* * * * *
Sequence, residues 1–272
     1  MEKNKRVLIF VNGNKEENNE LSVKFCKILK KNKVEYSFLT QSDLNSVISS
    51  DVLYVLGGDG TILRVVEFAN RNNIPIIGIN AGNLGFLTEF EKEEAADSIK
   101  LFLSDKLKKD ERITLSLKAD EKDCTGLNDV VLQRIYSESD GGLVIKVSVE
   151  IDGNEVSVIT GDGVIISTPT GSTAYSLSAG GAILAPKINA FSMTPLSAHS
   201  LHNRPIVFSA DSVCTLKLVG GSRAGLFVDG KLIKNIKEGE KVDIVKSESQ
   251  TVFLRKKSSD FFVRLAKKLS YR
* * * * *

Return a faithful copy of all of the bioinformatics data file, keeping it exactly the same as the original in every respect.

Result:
Sequence, residues 1–272
     1  MEKNKRVLIF VNGNKEENNE LSVKFCKILK KNKVEYSFLT QSDLNSVISS
    51  DVLYVLGGDG TILRVVEFAN RNNIPIIGIN AGNLGFLTEF EKEEAADSIK
   101  LFLSDKLKKD ERITLSLKAD EKDCTGLNDV VLQRIYSESD GGLVIKVSVE
   151  IDGNEVSVIT GDGVIISTPT GSTAYSLSAG GAILAPKINA FSMTPLSAHS
   201  LHNRPIVFSA DSVCTLKLVG GSRAGLFVDG KLIKNIKEGE KVDIVKSESQ
   251  TVFLRKKSSD FFVRLAKKLS YR